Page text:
Bee in my bonnet

Panglao Island Travel Blog

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I didn't leave for Cebu today.  I just eased into the decision, while I had breakfast at Taver's restaurant.  A big "American" breakfast consisting of 4 pcs. of toast, bacon, 2 eggs, tea and a fruit (banana).  I was also watching American Idol, laughing so hard at Sanjaya's campy intro by Ryan Seacrest.  I'd been to Cebu City before, which partly explains my reluctance.  Actually I liked being in Cebu City; it's kinda like Manila, but with "southern" charm and ease.  Plus, the taxi drivers actually give you back your change! It's just that I had been there before, so there was no thrill of discovery.  I decided, I'd just spend the day vegging out, and then go pay a visit to Bohol Bee Farm in the afternoon.  The longer I'd been traveling the more I wanted to slow down.

Organic vegetable farm
  So, weird as my choice of place to stay was -- I mean, c'mon Tagbilaran City?! --  I still stayed.

Getting to Bohol Bee Farm would've been an exercise in frustration, but ended up being rather serendipitous for me.  First, it's really hard to get to Panglao from Tagbilaran.  It's like the transportation industry here has this conspiracy against tourists.  They don't make it easy for you to travel cheap!

I decided instead of going the usual way, calling the contact nos. I collected, and/or taking a motorbike-for-hire or taxi or trike, I would commute.  I found out from the manang at the hotel restaurant that she was also from Dauis, and thus she takes ordinary transportation.

Massage area faced the sea.
  Through her I reco I made my way by foot to Shopper's Mart then by trike to a junction where at the waiting shed I could get the elusive jeeps that make their way to Panglao Island. Getting to that junction was cheaper and took less time than going to the terminal at Dao itself.  I waited there, and I waited and waited some more.  Good thing another commuter arrived, who was from Dauis herself, and she told me that the jeeps pass at hourly intervals, but it gets to be 30 minutes by 4 p.m. as more people leave the mainland for home.  Her stop happened also to be at the bee farm.  We finally got a jeep, and were on our way.  We only paid PhP 12!  A big difference from the usual PhP 200+ peso fee.
There's a path that goes down to the sea.
 

I was already told that I still had to walk a long way from the junction to the bee farm (900 meters in fact), but when I got to the junction, a couple also went down with me, and told me that they happened to be going to the bee farm themselves! So I got a couple of guides.  Jojo was working as a waitress there, and she was with her boyfriend Joji.  While walking the white gravel road to the farm, we discussed how I'd get back.  Jojo said that the last jeep for Tagbilaran would pass the junction at 5 p.m., which only gave me 30 minutes to have a look around.  Jojo said she'd talk to the people at the farm to see about getting me relatively cheaper transpo back.  This meant I could have dinner at the farm as planned.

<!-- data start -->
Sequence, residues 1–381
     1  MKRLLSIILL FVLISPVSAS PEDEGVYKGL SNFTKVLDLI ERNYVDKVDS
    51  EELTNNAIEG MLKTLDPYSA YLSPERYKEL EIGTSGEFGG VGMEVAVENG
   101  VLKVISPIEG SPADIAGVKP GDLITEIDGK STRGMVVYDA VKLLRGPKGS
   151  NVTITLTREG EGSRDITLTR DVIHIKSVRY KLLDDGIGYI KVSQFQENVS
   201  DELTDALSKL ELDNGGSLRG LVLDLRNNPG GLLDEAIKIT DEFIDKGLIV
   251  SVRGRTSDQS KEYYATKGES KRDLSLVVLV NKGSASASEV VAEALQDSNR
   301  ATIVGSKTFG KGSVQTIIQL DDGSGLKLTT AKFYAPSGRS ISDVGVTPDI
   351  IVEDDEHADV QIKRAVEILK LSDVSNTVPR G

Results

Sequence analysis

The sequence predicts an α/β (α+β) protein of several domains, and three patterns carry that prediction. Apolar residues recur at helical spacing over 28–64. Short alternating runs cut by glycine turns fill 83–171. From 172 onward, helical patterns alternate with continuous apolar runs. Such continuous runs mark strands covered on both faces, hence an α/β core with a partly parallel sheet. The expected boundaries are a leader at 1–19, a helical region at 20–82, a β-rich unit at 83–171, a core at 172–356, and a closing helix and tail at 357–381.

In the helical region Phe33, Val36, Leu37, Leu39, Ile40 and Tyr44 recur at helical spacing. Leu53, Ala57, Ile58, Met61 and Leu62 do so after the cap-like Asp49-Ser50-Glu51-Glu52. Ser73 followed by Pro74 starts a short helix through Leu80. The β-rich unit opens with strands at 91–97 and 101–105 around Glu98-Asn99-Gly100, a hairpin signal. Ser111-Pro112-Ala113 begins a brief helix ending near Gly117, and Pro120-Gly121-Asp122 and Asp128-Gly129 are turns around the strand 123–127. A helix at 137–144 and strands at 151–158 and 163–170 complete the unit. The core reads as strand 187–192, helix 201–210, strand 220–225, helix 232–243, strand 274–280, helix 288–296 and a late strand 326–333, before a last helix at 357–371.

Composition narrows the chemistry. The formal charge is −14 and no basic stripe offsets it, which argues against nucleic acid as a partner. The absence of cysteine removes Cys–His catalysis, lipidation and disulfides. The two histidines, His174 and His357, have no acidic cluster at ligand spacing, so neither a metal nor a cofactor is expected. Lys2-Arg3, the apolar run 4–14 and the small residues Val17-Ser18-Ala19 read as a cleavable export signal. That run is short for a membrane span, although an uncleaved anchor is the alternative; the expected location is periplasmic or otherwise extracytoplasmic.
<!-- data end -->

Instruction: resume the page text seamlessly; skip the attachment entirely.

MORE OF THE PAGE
So I arrived at the Bee Farm and noticed at once the farm's organic vegetable plots and its livelihood handicraft center, which also supplied the food and decor for the restaurant.

There are flowers in the salad.
  Unfortunately, I didn't get to see any beehives because bees behave badly in the afternoon, so they say.  They like to sting humans more apparently.  Apart from the restaurant and the store, the farm is also provided bed and breakast, but that was rather pricey.  Anway, the place was so charming!  I enjoyed the clifftop restaurant, and if you take a few steps down to the treehouse you'd be very near the waves and the incoming tide.  There I met Tony from Bristol, U.K., who told me that just the day before he snorkeled out into the bay and saw a couple of huge manta rays.  He loved Bee Farm, and had been there for a week.

The restaurant faced the Mindanao Sea, so I while having my early dinner, I had a clear view of Pamilacan Island and Siquijor.

  As a guest, you could also stay at several lounge areas scattered around the place from the exhibit room down to the restaurant.  There were bamboo chimes everywhere, and there was a slight breeze so you'd hear them constantly.  I stayed for quite awhile after dinner, just staring into the sea. 

Getting back to Tagbilaran was another first for me.  Jojo came through, and I got a ride back on a motorbike.  I almost made my own arrangements because the woman at the front desk misunderstood me and almost gave me a van, which was double the price. I started to walk instead, when the men on motorbikes near the livelihood center noticed me, and asked was I the one that Jojo mentioned, and so they set front desk girl straight.  And i got my ride.  Riding a motorbike in the evening for the first time was thrilling, and we went rather fast this time because I didn't tell the driver to slow down (and again, with no helmet!).

Cliffside view.
  There was very little traffic or light as we traveled the 12 kms., and the road stretched white before us.  I'm so glad I stayed.  And if I'd the money I'd stay at the Bee Farm!

yheleen says:
i miss the bee farm :)
Posted on: Jun 23, 2008
jilltrekker says:
I'm so glad! It's not usually part of the tourist trail; so glad someone would really appreciate me writing about it.
Posted on: Jun 14, 2007
mycile says:
hi jill,
my mom is from baclayon and i've visited bohol a number of times, but never made it to the infamous bee farm...thanks for the pictures!
Posted on: Jun 12, 2007
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Organic vegetable farm
Organic vegetable farm
Massage area faced the sea.
Massage area faced the sea.
Theres a path that goes down to t…
There's a path that goes down to …
There are flowers in the salad.
There are flowers in the salad.
Cliffside view.
Cliffside view.
Bee Farm shop
Bee Farm shop
Panglao Island
photo by: JeAr